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I am evaluating projects known of troubles to find the reasons of troubles and make remarks how to avoid and how to proceed when already occurred. As I wrote already in:

http://scn.sap.com/community/asap-methodology/blog/2012/09/21/alleged-sap-erp-failures-in-2011

On the list of the biggest ERP (?) failures of 2011 I found three SAP ERP implementations and realized that … no one is really ERP failure! I like to exploit now the Marin County case because of two reasons:

  1. 1. it is very well documented in Internet – by this opportunity: I have no inside information and I am living in the “galaxy far far away“ from California – so I can play the role of auditor(?)
  1. 2. it gives an illustration of some specific aspects for project managed especially in public sector – most probably world wide – which gives really good material for generic hints as I like to do.

My strong belief after almost 18 years of experiences with implementing SAP ERP is that it is 100% “implementable”. There are of course some troubles in almost every project but they are mainly “organizational” in the nature and if properly treated are to be solved on-going on the project. That is why I am hunting for failures to identify the reason. I am sure that neither the product nor the implementation methodology may be the reasons for troubles – as for today after many researches I am sure of this thesis.

There is a lot of comments about the Marin County case. The easiest way is as usual to blame the implementation vendor – and many of that comments are making this. There are however also comments that are based on deeper inside and also naming the obvious negligence of the customer like this one:

http://byrondennis.typepad.com/it_investment_research/2010/08/dont-cry-for-me-california.html

I will come back to this article later to formulate the observation of public sector specific aspects of project management.

Please note that there is a lot of publications of “independent” consulting companies that are making their business based on scarring the audience about alleged dramatic ERP failures. I must say that I realized that they very often even not read the available documentation before formulating their comments and recommendations. Sometimes they are named as ERP also the tailored developments what illustrates their professional attitude and competence.

I am “independent” consultant as well but I am sure that scarring has no fundamental reasons by SAP ERP implementations and the right attitude is to be sustainable in taking the lessons and formulate the hints.

After evaluation of the documentation and information available (there are copies of contracts and the claims as well) I am sure that in case of Marin County we are not allowed to name this as “project failure”:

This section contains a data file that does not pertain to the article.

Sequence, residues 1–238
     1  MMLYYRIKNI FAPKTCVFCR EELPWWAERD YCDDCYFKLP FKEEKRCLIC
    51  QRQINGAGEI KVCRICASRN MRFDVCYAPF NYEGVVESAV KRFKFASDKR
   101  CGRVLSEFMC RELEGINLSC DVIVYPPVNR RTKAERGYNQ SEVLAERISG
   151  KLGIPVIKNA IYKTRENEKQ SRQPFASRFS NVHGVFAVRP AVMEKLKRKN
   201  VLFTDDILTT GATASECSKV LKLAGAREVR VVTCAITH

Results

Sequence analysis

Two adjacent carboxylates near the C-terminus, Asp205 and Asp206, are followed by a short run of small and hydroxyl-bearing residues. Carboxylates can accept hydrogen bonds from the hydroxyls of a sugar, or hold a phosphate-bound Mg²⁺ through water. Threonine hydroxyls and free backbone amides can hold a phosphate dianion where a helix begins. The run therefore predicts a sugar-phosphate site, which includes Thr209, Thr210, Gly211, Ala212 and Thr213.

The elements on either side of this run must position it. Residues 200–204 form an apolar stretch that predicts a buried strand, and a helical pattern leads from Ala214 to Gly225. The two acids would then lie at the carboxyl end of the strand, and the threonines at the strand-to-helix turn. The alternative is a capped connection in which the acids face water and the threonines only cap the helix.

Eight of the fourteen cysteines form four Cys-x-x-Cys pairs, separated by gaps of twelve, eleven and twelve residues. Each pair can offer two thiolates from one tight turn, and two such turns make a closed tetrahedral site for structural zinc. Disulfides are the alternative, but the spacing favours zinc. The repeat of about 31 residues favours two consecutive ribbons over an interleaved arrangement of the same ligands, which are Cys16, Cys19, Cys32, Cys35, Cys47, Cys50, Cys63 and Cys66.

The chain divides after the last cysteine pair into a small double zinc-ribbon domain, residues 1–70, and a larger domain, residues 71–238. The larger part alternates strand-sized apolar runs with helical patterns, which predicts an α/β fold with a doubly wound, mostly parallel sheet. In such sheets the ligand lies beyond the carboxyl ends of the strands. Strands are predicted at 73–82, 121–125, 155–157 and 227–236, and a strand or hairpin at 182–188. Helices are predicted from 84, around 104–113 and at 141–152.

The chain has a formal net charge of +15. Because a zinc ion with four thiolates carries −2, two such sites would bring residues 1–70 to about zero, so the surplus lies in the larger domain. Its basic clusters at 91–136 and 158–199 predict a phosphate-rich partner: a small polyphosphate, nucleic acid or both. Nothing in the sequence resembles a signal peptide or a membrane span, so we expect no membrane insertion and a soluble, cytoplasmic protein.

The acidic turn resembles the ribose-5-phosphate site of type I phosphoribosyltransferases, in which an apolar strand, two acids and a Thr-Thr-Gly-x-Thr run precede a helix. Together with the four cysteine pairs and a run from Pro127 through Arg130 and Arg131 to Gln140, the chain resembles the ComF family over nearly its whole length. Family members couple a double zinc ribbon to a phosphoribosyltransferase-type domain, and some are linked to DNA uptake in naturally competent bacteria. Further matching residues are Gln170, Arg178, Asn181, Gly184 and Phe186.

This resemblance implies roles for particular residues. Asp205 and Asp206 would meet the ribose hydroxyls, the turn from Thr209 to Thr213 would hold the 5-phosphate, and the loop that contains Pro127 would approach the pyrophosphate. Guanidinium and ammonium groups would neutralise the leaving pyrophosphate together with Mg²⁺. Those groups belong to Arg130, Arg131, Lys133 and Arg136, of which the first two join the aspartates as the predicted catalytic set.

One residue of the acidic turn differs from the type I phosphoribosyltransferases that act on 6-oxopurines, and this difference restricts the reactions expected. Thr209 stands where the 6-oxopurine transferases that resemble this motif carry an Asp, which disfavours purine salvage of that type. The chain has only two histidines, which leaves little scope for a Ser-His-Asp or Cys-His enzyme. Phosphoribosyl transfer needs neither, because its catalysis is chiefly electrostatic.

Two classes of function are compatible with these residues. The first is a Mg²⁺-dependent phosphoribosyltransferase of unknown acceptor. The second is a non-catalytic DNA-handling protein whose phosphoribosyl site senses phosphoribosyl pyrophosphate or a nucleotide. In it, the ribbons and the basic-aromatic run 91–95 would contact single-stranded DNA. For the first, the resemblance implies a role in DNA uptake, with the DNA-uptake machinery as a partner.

a) project ended on time

b) project ended in budget (however: there were 10 extensions on the change orders basis – I come to that in next post)

The only thing that may potentially allow to talk about this case as about the failure is that customer is “deeply” unhappy and claims that the system is not fulfilling the expectations. In view on the auditors reports however (ordered by the customer) it seems that the main obstacle is too small and untrained staff. With 1 million $ consumed only for trainings that is reason for consideration because it should be sufficient for intensive training of dozens of users. My opinion after evaluation is – but only short now – there are reasons of this specific for the public sector but not in terms of missing functionality! I will discuss this aspect in next post.

In this post I like to focus on that the Marin County already in 2010 started the process of preparation of replacement of SAP ERP. They made the evaluation of the costs ownership and in the effect they had the conclusion that it will be cheaper to replace SAP ERP with other system than to make the use more efficient:

http://www.co.marin.ca.us/efiles/BS/AgMn/agdocs/100824/100824-8-IS-attach-REP.pdf

I must say this is clear example how to prepare “analysis” to get the expected result. Please note that doing this County is now in conflict with their own evaluation led in the past to chose the SAP ERP for implementation. That’s obvious: how it was possible in 2005 to come to the conclusion that SAP ERP in best way suits to requirement of the County and now – based on similar parameters – to completely different conclusion: that it is cheaper to replace SAP ERP, to make into scrap the whole investment and implement completely other solution?

It seems however that this proceeding is more to strengthen the position in civil trial than really to replace the system. After two years the County came to the idea to take another company to make evaluation which software will be the most suitable as the first phase to replace SAP ERP. This time for 0,599 million $. And that in context of necessary savings due to worldwide economical downturn etc.: